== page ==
Wait a minute! This response surface only has properties varying between from about 45 to 70. The slack, factorial design had performance varying between about 45 and 140. Let’s look at what is happening in the slack, factorial design.

Interpretation of the Slack Equation

The slack, factorial design space of Figure 1 can be redrawn in terms of mixture coordinates as in Figure 5. The design space is twice as large as that of the desired design space. The grey area is the additional design space introduced by using the uncontrolled slack variable C in a slack, factorial design. Although the desired range for C was to be 0.3 to 0.4, because the maximum range of A and B each went to 0.4, C had to go to as low as 0.2. The formulations in the grey area may or may not work or be desired.

If the experiments do work, the response surface would be like that in Figure 6. The property range is from about 45 to 140, just as in Figure 2.

The mixture design response equation was given in Equation 2. As already stated, the following equality holds:
A + B + C = 1 (3)

Equation 3 can be rearranged to give the following:
C = 1 – A – B (4)

If C in Equation 2 is substituted with Equation 4, a slack equation is obtained:
Property = aC + (aA – aC + aAC)A + (aB – aC + aBC)B + (aAB – aAC – aBC)AB – aACA2 – aBCB2 (5)

If we compare Equation 5 to Equation 1 we see the following:
b0 = aC (6a)
bA = (aA – aC + aAC) (6b)
bB = (aB – aC + aBC) (6c)
bAA = – aAC (6d)
bBB = – aBC (6e)

Equations 6a through 6e show that the effect of C on the Property is contained within the b0, bA, bB, bAA and bBB coefficients. This means that Equations 1 and 2 are equivalent. That is, a plot of the response surface of Equation 1 has been shown to be equivalent to that of Equation 2.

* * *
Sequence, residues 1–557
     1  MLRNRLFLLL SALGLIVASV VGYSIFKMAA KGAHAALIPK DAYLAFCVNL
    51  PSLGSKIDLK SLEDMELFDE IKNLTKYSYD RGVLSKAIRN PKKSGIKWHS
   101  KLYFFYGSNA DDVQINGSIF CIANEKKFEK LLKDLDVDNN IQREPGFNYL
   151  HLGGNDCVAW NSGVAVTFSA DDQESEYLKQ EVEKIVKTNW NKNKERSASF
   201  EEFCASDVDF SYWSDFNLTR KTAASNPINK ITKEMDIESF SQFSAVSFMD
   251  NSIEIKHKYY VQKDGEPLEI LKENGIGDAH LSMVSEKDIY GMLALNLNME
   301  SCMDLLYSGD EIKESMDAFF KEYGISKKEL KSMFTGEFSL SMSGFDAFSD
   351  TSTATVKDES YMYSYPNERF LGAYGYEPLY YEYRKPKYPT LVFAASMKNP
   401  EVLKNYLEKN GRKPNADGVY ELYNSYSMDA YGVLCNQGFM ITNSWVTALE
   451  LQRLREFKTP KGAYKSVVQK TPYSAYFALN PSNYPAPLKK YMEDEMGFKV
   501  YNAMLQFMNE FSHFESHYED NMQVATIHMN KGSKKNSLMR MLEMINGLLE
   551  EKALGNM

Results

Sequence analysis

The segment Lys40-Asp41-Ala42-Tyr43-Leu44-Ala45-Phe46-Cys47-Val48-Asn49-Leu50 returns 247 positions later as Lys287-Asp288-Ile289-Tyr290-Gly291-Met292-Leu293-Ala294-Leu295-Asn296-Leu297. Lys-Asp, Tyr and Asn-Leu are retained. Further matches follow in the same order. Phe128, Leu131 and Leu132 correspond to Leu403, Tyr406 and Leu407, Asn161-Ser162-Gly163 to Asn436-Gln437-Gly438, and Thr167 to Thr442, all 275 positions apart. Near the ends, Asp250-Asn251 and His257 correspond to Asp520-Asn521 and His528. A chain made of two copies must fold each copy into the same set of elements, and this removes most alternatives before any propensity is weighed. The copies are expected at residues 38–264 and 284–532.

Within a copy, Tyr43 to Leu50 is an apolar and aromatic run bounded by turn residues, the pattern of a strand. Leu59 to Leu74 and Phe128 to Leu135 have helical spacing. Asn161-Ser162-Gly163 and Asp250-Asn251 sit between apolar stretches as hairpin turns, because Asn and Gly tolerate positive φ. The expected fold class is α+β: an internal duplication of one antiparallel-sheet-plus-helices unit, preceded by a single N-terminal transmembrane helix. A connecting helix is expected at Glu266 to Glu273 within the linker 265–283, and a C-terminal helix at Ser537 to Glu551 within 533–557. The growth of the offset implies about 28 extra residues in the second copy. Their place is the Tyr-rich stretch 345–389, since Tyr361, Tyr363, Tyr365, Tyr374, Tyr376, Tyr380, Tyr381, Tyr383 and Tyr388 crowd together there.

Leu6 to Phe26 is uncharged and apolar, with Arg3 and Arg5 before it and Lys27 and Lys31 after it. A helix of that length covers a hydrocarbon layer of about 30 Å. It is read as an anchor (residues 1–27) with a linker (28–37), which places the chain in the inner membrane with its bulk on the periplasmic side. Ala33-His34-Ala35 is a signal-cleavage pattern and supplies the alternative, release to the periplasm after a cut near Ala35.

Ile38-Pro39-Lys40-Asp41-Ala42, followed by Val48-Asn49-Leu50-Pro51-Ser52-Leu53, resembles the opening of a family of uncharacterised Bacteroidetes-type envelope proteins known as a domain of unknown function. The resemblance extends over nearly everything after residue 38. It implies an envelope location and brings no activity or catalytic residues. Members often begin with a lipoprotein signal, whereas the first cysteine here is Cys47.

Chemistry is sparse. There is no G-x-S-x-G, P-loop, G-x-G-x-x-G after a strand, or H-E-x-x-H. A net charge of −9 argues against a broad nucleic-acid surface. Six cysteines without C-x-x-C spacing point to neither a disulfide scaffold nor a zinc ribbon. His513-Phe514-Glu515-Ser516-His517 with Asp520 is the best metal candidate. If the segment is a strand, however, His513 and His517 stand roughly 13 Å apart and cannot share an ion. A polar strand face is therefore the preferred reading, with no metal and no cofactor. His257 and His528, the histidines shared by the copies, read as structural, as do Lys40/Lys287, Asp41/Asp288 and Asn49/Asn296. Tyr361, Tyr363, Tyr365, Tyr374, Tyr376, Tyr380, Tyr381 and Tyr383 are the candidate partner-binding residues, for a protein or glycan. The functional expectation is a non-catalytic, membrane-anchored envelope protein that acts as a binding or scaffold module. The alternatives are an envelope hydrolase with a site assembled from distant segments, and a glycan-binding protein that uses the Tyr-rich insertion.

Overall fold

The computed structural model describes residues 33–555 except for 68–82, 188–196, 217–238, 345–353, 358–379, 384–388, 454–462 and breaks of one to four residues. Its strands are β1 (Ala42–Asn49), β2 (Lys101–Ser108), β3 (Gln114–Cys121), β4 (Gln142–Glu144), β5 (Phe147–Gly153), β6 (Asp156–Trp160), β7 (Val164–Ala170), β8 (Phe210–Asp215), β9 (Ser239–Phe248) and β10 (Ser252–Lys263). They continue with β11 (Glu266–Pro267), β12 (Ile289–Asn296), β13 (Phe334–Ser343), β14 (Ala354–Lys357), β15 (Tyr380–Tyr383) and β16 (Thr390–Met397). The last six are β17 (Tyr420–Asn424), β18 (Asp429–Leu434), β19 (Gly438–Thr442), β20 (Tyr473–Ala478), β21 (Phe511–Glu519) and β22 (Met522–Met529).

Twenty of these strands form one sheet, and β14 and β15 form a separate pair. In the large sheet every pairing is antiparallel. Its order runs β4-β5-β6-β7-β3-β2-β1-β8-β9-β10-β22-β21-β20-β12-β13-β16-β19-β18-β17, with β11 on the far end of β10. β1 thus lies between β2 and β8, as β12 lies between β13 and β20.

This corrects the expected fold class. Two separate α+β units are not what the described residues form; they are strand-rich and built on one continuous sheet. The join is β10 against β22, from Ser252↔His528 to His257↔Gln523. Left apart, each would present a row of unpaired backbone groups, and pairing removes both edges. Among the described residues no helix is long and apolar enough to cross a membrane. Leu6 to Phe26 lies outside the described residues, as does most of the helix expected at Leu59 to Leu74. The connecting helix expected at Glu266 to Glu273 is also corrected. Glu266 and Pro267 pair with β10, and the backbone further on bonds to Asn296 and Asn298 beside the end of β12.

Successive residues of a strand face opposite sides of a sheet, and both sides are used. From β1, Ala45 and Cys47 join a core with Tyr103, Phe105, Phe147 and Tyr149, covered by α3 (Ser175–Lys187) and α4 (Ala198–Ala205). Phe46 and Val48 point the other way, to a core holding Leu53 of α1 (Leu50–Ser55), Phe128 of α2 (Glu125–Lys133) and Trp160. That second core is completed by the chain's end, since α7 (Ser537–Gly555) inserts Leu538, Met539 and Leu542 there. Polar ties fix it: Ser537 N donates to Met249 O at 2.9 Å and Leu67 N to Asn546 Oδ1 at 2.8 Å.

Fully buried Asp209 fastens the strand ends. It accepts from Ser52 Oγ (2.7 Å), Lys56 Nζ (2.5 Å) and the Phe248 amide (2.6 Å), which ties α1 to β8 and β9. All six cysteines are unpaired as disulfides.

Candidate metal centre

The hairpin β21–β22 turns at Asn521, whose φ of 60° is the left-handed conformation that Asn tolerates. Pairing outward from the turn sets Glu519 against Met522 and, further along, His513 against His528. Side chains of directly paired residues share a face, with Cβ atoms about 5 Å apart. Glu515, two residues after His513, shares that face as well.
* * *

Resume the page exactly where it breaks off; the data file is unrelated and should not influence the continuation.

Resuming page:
In the past, when an unsophisticated researcher viewed an analysis of variance table from a slack experimental design, if the variable A showed a significant effect, the researcher would attribute the effect to a change in A as manifested by the magnitude of the bA coefficient. But, looking at Equation 6b, if the bA coefficient is significant, the researcher doesn’t know if it is due to an effect from the variable A, the variable C or their interaction, AC. Similarly for the B variable, if the bB coefficient is significant, the researcher doesn’t know if it is due to an effect from the variable B, the variable C or their interaction, BC. However, the researcher can get an idea of the magnitude of the effects of C, AC and BC, by looking at the coefficients of b0, bAA and bBB. Then the researcher can do some mental gymnastics to determine how much C, AC and BC contribute to the effect of A or B. To my mind it is easier to use the mixture equation of Equation 2.

Closing Comments

The only time I would recommend using a slack, factorial design would be if it is absolutely known that C has no effect on the Property. That is, if the researcher knows ahead of time that aC, aAC and aBC are all zero.

Another point for why I favor mixture designs is that even for the simple example of three ingredients, the quadratic mixture design has fewer experiments than the quadratic-slack, factorial design. However, if five ingredients are to be studied, for example, the quadratic mixture model requires only 15 experiments plus replicates and lack-of-fit points, while a quadratic-slack, factorial model requires 51 experiments.